There is frustration with labyrinthine regulations and subsidies that support inefficient farms, calcifying the industry "in the hands of the older generation."
So, content, they get on with their job of providing the milk we put in our cups of tea and over which we mull the new landscape.
Hartlepool - "hard done by"
Fiona Trott writes: In a town where seven out of 10 people backed Brexit, one man I spoke to in Hartlepool summed up the general mood: "It's been a vote against the establishment".
Unemployment here is 9.4%. People feel hard done by. When you stop and talk to voters in the street, they tell you things couldn't get any worse, so why not vote for change?
It's probably why UKIP gained three seats here in the May elections. People here feel like they want to take back control.
What about the financial markets? One shopper told me:"It's just a blip".
Burnley - 'voices listened to'
"Time for a party", "it's a good day" and "we've got our country back" - just some of the voices in Burnley, writes Ed Thomas.
Voters in this east Lancashire market town sent a loud and clear message - they overwhelmingly voted to leave the EU by a majority of two to one.
Outside the local butchers we find Eric and his wife Lucy, both in their 70s and both in a celebratory mood.
Eric shouts "we are free of the idiots over there." He also says this means the "French will stop sending them (migrants) over the Channel."
Lucy, when asked, says she hates the EU and is glad to "have the power back." It is, she says, a "happy day."
For those voting "Out" there is a sense of achievement, that for the first time in a long time their voices have been listened to.
Burnley has been shaped by immigration and is home to some of the most deprived areas in the UK.
In a local hair salon, just yards from a Romanian busker, we speak to Michael and Stacey. They say "power is back with us" and suggest that the voices of doom "are scaremongering."
But not everyone is celebrating - here we also find 16-year-old Molly with her mother, Liz.
Both are worried - Molly doesn't know what her future holds and wishes the vote was to remain.
And what about the economy, asks Liz - "the pound's dropping, the euro is dropping".
After a long pause, she says: "I woke up today and I'm just sad."
Witney - shockwave for PM
The news that David Cameron is stepping down has sent a shockwave through his Witney constituency, writes Bethan Philips.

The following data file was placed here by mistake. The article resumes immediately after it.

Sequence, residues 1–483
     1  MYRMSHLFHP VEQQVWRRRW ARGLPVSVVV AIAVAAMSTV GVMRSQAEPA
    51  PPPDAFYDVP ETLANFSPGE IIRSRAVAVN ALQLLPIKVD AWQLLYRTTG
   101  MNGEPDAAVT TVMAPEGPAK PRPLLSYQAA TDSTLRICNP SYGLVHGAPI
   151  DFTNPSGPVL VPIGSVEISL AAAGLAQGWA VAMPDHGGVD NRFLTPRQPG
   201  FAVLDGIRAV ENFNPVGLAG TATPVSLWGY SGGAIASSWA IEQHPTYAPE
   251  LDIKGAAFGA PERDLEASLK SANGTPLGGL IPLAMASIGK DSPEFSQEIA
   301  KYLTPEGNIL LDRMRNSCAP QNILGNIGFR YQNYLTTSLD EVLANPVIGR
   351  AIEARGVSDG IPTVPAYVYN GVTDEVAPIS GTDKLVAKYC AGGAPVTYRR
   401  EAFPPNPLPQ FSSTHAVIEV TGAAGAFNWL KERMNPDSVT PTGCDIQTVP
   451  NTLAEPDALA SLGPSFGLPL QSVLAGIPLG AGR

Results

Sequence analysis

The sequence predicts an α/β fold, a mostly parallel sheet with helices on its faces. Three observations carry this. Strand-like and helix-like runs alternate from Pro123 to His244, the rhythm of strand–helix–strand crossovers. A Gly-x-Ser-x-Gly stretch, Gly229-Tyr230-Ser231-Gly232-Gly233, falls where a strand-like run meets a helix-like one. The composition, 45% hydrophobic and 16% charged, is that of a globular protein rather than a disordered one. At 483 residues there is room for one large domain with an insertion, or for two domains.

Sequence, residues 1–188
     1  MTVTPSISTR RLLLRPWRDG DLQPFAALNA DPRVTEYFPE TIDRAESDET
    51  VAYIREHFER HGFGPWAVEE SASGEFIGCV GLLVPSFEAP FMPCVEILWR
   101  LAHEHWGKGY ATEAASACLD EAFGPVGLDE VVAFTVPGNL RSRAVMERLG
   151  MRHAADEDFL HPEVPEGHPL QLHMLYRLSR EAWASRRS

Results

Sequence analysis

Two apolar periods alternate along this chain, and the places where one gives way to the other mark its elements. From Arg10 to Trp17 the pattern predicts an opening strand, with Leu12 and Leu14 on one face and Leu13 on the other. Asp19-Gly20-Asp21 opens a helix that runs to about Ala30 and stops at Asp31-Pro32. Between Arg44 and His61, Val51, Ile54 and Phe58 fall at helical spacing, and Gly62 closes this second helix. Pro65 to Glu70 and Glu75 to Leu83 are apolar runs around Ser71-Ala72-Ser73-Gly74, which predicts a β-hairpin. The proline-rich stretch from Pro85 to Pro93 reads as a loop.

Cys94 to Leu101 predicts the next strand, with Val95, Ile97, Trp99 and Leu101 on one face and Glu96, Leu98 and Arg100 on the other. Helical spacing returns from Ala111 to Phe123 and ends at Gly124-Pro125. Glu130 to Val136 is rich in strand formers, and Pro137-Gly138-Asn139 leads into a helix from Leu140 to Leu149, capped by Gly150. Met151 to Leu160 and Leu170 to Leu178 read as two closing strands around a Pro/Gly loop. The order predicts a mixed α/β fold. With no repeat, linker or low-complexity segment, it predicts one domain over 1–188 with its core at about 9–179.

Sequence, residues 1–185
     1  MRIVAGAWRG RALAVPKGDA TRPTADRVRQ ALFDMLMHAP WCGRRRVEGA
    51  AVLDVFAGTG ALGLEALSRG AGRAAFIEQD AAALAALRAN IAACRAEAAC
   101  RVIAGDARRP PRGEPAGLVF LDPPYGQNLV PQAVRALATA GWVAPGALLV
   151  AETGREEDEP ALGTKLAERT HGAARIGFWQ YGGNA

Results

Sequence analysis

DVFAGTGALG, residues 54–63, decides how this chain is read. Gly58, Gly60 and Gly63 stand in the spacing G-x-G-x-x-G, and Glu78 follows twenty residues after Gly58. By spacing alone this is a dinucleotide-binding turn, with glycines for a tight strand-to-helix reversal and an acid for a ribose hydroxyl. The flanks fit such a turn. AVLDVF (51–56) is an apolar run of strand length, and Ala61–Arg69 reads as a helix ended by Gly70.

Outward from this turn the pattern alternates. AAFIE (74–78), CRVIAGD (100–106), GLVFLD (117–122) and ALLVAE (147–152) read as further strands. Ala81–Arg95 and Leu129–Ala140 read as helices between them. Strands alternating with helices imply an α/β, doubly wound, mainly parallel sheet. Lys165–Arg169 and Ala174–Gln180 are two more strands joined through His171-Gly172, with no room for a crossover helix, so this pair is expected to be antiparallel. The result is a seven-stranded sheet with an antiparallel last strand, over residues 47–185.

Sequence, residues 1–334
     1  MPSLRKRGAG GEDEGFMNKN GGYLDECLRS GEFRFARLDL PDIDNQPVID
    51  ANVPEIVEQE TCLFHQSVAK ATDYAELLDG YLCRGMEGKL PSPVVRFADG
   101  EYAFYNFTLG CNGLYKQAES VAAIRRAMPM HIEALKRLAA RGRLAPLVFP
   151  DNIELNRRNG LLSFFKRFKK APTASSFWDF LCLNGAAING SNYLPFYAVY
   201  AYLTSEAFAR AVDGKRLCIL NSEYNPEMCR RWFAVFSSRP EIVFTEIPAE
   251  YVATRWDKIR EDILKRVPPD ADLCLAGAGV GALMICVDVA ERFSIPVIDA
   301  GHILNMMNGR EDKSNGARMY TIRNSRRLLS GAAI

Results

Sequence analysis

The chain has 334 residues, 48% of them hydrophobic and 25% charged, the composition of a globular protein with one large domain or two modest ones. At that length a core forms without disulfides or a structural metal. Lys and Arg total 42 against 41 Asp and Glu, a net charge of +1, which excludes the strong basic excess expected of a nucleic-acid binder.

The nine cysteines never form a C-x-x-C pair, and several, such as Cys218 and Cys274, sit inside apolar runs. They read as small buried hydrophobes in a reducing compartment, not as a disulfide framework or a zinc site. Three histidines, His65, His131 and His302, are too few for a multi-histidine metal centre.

He has a lot of loyal supporters here.
He isn't a distant figure in Westminster - he is someone that campaigns here, gets involved in local issues, and during election time, goes door-to-door to gain support.
I was with one local Conservative activist as the news broke - he was visibly shaking with shock.
The big question now for Witney - will David Cameron stay on as MP, after he steps down as prime minister?
Northern Ireland - border worries
Those who experienced the "hard border" that existed between Northern Ireland and the Republic of Ireland during the Troubles will shudder at the memory of long queues of traffic as ID was checked and vehicles searched, writes Vincent Kearney.
On a bad day, the security checks could add a good hour to a round trip between Belfast and Dublin.
Some in the Remain camp argued that a vote to exit the EU would see a return of permanent border checkpoints.
Those in the Leave camp, including Secretary of State Theresa Villiers, insisted that was nonsense.
So what now?
The honest answer is that nobody quite knows.
Wales - 'class issue at play'
We have seen a very surprising pattern - working-class Labour voters going fairly solidly "Vote Leave", far more strongly than we were expecting, writes Vaughan Roderick.
Leave won Bridgend - which is First Minister Carwyn Jones' territory - and they won Rhondda Cynon Taff, which is Leanne Wood's home territory.
So maybe it is not the individual politicians we should be looking at - it is actually a question of income and social class more than political affiliation or political leadership.
Are we looking at a situation where people who felt they have had nothing to lose voted to leave, whereas people who feel they have something to lose - Labour or Conservative - decided to vote remain?